In a policy brief, IndustriAll union analyses the causes and effects of the recent energy price increases with a thorough criticism of the response measures being taken at the EU level. The policy brief notes that the observed rise in energy prices in the EU in 2021 was mainly driven by price developments in EU and international commodity markets, while the gas price on wholesale markets has reached unprecedented levels. It also adds that the impact of the commodity price increase on electricity goes beyond the share of the related commodities in the power generation due to the applied price-setting mechanism. This means that an electricity mix made of a majority of decarbonised sources, but requiring fossil-based sources to ensure part of its supply, is also exposed to the price increase of fossil-based electricity. Europe`s structural dependence on energy imports has even increased in the last decades, as in 2019, 61% of its gross energy consumption relied on imported energy products. IndustriAll also points to the investment challenge the EU is facing: beyond the electricity grid investment needs, reaching the EU 2030 emission reduction target would require €438 bn of additional annual investment, equivalent to 2.7-3% of GDP, while current investment commitments are massively falling short of this. The paper also claims that, not least due to market liberalisation, the EU has a fragmented energy supply chain where final consumers bear risk. An overview is provided about the response measures member states have undertaken to alleviate the effect of the price increases on consumers, from the temporary reduction of energy-related taxes and levies to handouts and `energy cheques`. The EU has recently published a toolbox to tackle energy prices. This document lists the initiatives that Member States can implement within the framework of the EU Energy and Single Market rules. Compensation measures and direct support for poor end-users, safeguards against disconnections, tax reductions, reform of the renewable support schemes, and the provision of state aid to companies and industries are among the most important recommendations to Member States.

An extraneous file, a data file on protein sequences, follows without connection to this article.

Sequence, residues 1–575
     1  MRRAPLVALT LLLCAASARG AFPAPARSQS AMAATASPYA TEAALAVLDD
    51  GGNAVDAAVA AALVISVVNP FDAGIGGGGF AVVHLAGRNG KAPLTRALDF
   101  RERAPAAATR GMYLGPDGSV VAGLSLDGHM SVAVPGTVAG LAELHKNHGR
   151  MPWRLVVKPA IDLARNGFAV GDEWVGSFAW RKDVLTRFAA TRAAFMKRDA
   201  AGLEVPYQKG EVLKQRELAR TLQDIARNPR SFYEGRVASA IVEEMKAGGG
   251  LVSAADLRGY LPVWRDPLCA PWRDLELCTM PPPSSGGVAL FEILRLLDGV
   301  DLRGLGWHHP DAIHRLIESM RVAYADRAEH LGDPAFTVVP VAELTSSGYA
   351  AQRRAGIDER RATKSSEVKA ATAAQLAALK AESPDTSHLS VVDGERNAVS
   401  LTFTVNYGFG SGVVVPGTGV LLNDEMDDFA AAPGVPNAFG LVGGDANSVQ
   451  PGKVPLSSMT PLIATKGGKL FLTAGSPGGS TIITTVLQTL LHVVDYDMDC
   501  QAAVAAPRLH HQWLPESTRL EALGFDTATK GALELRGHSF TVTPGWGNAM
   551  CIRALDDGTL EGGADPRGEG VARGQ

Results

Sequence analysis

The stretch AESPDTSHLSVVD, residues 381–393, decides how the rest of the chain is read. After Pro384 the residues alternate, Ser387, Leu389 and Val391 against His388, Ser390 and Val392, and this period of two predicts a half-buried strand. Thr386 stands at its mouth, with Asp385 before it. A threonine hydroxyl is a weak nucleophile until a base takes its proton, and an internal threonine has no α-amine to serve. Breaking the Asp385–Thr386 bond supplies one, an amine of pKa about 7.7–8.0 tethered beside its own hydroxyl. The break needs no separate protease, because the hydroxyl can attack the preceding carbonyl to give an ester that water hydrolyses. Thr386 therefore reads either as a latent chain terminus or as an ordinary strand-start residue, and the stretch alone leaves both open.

IndustriAll argues that while reaching climate neutrality must remain the EU’s main objective, the current geopolitical situation and its impact on energy supplies and costs demand the mobilisation of all available means to secure affordable energy for all in the coming months.